That was in 1969.
In the lobby of the ASHoF near downtown Birmingham is a quietly classy display honoring Charles Byron “Charley” Pell.
Saturday night, here at the Sheraton Civic Center just across from the ASHoF, Charles Byron “Charley” Pell became the 301st person to be inducted into the residence of the state’s finest and legendary sports figures.
I was here that night in 1969 when Johnny Mack was inducted. As a member of the selection committee, I had voted for Johnny Mack. And yes, as a member yet, Charles Byron “Charley” Pell also got my vote . . . this year.
All those years, all those memories ...
But none is as vivid as 1969 when an Alabama football star, Johnny Mack Brown from the 1920s, was inducted.
Go with me ...
The old B Western cowboy star flew in from California. Over the next couple of days, the old cowboy star was a regular in the hospitality room.
To say there was some apprehension when his name was called as the first inductee is an understatement. But when the room lights dimmed and the spotlight followed the shambling movie cowboy to the rostrum, you could actually hear the hush in the hall.
But it was show time.
His acceptance was brief, his closing a class act that until this day lends dignity to each year’s inductions.
“A friend is one to whom we may pour out the contents of one’s heart, chaff and grain together, knowing that gentle hands will take and sift it, keep what’s worth keeping, and with a breath of kindness, blow the rest away.”
That, in my mind, wraps itself in warmth around Charles Byron “Charley” Pell.
First of all, in the interest of full disclosure, Charley was a friend of mine, a very close one. That is no secret. It is also no secret that a stocky little lineman who played under Bear Bryant at Alabama and became one of the very finest college football coaches in America was a flawed man, which we all are to be honest.
The war he fought with depression through success after success and a crash in NCAA sanctions while at Florida is an amazing profile in courage … to steal a line.
The beginning of our friendship began in the mid-sixties when Charley was an assistant at Alabama. It held rock solid through years as an assistant at Kentucky, as a head coach at Jacksonville State, at Clemson, at Florida.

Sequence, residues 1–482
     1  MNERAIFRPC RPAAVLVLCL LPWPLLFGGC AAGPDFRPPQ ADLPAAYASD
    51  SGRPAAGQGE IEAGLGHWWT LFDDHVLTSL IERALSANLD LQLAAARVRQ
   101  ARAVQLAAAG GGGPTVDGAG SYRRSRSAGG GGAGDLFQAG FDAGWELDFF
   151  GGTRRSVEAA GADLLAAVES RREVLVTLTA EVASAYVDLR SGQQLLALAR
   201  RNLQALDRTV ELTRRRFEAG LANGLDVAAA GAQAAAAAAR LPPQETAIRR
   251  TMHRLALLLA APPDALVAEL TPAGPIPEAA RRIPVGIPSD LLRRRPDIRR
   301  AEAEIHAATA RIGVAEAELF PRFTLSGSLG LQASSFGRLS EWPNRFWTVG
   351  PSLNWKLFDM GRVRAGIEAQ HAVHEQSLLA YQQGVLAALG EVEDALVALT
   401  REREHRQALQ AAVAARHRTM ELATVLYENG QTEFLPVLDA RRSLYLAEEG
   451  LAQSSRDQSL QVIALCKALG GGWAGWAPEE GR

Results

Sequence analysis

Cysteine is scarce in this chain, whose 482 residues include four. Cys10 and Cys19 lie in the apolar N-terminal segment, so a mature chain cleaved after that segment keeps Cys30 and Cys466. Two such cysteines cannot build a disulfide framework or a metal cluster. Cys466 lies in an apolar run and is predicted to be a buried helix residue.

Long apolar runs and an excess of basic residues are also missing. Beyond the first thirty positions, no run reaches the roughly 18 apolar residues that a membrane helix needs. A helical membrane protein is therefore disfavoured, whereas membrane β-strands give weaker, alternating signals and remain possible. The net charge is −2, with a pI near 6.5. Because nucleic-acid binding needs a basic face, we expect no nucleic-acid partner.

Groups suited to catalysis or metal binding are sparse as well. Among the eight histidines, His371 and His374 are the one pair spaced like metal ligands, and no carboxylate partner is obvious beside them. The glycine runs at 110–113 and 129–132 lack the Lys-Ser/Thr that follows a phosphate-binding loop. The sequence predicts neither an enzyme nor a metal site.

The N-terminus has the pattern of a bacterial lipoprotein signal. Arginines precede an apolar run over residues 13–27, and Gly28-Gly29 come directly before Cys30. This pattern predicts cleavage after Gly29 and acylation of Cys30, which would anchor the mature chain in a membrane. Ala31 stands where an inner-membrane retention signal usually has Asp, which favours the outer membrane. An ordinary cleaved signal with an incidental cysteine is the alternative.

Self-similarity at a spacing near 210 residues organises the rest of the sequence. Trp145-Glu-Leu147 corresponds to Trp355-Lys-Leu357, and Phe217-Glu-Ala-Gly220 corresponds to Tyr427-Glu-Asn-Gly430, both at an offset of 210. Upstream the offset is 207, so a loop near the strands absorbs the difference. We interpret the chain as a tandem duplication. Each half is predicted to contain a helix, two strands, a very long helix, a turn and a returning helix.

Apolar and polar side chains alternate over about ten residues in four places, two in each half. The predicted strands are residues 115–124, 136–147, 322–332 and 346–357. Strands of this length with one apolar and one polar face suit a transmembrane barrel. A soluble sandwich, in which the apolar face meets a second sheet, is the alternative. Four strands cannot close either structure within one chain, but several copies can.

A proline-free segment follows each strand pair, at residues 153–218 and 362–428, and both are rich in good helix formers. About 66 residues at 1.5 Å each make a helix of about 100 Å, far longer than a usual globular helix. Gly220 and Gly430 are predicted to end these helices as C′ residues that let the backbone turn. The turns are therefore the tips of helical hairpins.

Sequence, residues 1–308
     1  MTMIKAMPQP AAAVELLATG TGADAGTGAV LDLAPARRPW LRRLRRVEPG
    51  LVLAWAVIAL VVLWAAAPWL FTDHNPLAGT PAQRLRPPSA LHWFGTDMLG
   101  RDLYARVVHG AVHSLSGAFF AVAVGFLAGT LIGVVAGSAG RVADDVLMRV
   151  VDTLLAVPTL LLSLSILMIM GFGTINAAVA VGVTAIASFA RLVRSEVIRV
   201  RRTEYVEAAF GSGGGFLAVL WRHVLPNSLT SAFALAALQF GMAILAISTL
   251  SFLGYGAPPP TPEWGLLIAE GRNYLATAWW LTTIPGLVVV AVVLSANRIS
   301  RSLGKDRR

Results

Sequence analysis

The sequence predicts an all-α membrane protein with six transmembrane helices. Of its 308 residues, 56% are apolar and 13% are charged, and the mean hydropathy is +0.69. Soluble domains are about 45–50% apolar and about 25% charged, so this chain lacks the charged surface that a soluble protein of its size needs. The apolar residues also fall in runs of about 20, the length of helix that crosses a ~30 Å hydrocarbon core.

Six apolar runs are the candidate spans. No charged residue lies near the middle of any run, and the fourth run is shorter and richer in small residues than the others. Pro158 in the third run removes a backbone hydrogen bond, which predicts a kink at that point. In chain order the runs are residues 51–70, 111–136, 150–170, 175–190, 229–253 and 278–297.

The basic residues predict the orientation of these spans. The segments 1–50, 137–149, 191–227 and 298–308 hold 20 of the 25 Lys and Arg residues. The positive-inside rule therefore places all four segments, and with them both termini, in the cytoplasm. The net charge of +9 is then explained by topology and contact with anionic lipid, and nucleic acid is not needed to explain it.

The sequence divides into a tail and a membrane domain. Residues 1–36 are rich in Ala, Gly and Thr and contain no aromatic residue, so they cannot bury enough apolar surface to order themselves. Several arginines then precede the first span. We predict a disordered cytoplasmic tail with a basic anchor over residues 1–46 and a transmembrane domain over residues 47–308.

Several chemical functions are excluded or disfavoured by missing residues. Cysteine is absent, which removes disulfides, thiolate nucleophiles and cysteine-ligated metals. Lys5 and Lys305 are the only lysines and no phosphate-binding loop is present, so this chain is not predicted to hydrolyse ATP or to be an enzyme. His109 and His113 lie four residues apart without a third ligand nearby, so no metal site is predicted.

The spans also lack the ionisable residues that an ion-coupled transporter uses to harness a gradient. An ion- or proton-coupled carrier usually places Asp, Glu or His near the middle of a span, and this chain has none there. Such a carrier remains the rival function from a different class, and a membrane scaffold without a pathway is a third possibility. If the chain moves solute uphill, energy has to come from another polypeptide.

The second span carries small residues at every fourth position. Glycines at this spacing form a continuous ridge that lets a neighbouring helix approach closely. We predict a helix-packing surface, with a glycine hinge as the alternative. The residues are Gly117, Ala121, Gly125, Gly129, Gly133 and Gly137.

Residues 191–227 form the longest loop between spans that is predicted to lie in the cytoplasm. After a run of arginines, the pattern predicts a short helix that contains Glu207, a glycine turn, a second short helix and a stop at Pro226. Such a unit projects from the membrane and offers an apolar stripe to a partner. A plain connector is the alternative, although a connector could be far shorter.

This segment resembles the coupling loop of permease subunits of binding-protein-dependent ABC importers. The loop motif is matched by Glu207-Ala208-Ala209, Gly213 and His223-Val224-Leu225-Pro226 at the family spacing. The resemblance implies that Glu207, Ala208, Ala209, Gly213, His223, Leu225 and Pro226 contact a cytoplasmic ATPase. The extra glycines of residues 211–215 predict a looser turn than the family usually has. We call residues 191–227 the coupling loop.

And right up until his life ended at age 70 … lung cancer.
After leaving football on the heels of the NCAA sanctions at Florida, he and wife Ward settled in Southside. It was there we last “broke bread,” Kentucky Fried Chicken just 10 days before he died.
We sat at his kitchen table, ate chicken with our hands, wiped grease from our mouths, and talked ...
It is one of the wonderful memories of my life that football, his rise and his fall, was hardly mentioned. What we talked about was faith, of God, of here and the hereafter.
In no way was our talk a deathbed conversion. Charlie’s faith had been born years before our last visit, not long after a failed suicide attempt on a lonely Florida back road. A state trooper who had been part of his escort at Florida had tried to return a call from Pell. He then went looking, found Pell in his car with the motor running.
I thought of that Saturday morning after visiting his “life” in the lobby of the Hall, after talking with his wife, Ward, after spending a night of little sleep and remembering ... “Charley.”
You’ve heard most of my stories of the man. They were (and are) good stories. But the one thing that sticks in my mind is in all the years I knew Charles Byron “Charley” Pell, I never knew him to be unkind to anyone, never knew him to “chill” an eager fan, never knew him to back off on his word.
It is written somewhere that if you can fill up one hand with true friends, you are among the blessed. When Charley died, I lost a finger.
The truth of it all is I loved Charles Byron “Charley” Pell.
I still do …
George Smith may be reached at 256-8-239-5682 or e-mail: firstname.lastname@example.org